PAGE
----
The Revolution Dilemma

The big dilemma in political/social activism is; How does one bring about change without coercion? Coercion, by it’s nature, steals the individuals freedom. If we seek through activism to improve the lot of our fellows, coercive force is anathema.

To apply compulsion to the population (whether it be economic or military/policing) can be effective. We see all around us the results of this way of managing the population. If done with a light hand, the population will largely be compliant, and their lot will seem preferable to the disruption involved in making changes. Even if those changes are to be to their benefit.

If applied with a heavier hand, there will be growing discontent, especially in the undereducated, as the elite and middle classes see it as their “duty” to  coerce them into greater servitude through reductions in economic opportunity, and increasingly restrictive regulation. The better educated, generally the middle management of the system, are generally compliant for they are beneficiaries of the system. There will be, of course, a section of the educated that will use their knowledge and insight to attempt to address some of the failings that they see in the system. This may have some effect.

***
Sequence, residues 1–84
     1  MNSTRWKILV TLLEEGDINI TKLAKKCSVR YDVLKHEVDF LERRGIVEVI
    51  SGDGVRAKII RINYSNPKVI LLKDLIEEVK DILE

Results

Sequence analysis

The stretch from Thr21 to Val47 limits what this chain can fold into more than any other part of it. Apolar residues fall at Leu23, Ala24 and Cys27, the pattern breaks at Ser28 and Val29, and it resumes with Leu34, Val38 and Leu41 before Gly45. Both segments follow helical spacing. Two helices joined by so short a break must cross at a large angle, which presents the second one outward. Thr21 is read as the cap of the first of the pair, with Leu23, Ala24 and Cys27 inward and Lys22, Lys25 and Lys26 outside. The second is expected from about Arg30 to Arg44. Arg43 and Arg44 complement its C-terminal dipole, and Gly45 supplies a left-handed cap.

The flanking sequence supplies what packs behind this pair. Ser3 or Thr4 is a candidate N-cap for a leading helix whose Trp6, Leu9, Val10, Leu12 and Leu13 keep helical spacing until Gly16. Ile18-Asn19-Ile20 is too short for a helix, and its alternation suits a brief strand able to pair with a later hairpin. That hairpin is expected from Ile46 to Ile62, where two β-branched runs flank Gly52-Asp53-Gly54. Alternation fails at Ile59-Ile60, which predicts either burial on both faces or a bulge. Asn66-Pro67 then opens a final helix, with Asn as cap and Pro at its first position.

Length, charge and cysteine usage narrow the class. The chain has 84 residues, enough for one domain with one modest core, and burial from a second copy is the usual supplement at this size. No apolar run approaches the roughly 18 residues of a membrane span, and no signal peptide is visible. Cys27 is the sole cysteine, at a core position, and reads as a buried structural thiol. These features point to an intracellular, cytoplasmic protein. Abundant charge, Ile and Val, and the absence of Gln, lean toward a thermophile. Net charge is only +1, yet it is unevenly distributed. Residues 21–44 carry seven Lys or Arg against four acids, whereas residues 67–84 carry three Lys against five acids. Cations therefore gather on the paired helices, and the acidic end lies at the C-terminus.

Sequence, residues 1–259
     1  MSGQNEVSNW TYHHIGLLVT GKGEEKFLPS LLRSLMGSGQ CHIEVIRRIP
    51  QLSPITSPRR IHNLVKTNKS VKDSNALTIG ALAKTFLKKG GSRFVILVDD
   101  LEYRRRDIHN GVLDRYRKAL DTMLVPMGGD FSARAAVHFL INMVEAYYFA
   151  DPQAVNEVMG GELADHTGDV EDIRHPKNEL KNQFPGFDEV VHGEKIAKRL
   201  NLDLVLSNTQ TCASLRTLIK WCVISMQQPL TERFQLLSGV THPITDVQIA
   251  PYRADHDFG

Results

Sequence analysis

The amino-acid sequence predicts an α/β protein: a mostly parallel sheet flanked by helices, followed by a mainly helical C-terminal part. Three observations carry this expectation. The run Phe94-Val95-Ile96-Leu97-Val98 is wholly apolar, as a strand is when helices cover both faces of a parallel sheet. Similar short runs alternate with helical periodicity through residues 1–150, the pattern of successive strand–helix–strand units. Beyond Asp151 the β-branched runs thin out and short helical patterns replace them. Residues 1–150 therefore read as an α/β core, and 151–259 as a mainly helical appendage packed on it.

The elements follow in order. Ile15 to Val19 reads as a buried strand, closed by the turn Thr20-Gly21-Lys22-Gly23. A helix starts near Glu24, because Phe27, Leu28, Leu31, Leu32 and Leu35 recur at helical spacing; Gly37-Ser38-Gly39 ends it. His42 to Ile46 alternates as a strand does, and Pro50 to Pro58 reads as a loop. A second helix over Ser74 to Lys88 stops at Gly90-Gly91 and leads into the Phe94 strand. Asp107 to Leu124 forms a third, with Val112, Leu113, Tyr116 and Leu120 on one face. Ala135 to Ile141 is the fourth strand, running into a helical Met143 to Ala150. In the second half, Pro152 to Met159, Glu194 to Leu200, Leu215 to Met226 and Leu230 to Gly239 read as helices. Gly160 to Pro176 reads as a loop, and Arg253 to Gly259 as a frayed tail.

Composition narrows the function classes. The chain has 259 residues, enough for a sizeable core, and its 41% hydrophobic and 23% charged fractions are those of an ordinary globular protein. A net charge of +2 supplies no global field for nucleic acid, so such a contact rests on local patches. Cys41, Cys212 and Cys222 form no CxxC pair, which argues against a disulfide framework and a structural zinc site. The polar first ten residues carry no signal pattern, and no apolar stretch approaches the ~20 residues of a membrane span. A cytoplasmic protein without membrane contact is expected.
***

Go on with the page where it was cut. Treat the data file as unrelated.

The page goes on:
If applied with a very heavy hand, the undereducated will be ripe for revolution, for they will be to the point where death will seem like a release from the suffering inflicted on them by the elite. Much of the educated will also be ripe for action as they too will be getting shut out of the goodies as the elite ramp up the accumulation of wealth and power.

This then leads to revolt.
The leaders of the revolution will most probably be from the educated, or even the elite if some of them see a chance to leapfrog the hierarchy to seize power.

Violent revolution is a poor option. Even though the names and faces change, the quality of those new names and faces are generally no better, and sometimes worse, than those they replace. The belief that the population is there to follow the lead of an elite remains. However noble the initial thrust of change is, the method eventually leads to corruption and oppression of varying degrees.  In the process, people die and suffer greatly.

A great hope in the world is that a number of recent revolutions have been non violent(effectively, though there may have been a little).

As we seem to have entered the second stage now in most of the ” developed world” (inc China and India) and at stage three in most of the rest, we need to work to not only open up governments and business to scrutiny, we also need to educate and empower those that at present have no strategy to bring about change.

This is where Wikileaks and Julian Assange have entered. They are to be applauded for the quality of insight and the courage that has led them to initiate this strategy for change.

It is imperative that we diffuse the march to violence.

To die for an idea may be a worthy sacrifice, but to kill for an idea is lunacy!!!
Follow the Rabbit

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